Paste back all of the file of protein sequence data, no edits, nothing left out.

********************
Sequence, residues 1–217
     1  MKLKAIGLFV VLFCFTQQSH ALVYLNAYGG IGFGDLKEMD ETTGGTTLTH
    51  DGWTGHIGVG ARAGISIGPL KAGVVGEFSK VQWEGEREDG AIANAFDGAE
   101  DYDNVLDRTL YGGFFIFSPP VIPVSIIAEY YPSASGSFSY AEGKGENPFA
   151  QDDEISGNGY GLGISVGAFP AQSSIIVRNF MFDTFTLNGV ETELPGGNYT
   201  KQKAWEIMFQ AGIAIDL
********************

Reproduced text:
Sequence, residues 1–217
     1  MKLKAIGLFV VLFCFTQQSH ALVYLNAYGG IGFGDLKEMD ETTGGTTLTH
    51  DGWTGHIGVG ARAGISIGPL KAGVVGEFSK VQWEGEREDG AIANAFDGAE
   101  DYDNVLDRTL YGGFFIFSPP VIPVSIIAEY YPSASGSFSY AEGKGENPFA
   151  QDDEISGNGY GLGISVGAFP AQSSIIVRNF MFDTFTLNGV ETELPGGNYT
   201  KQKAWEIMFQ AGIAIDL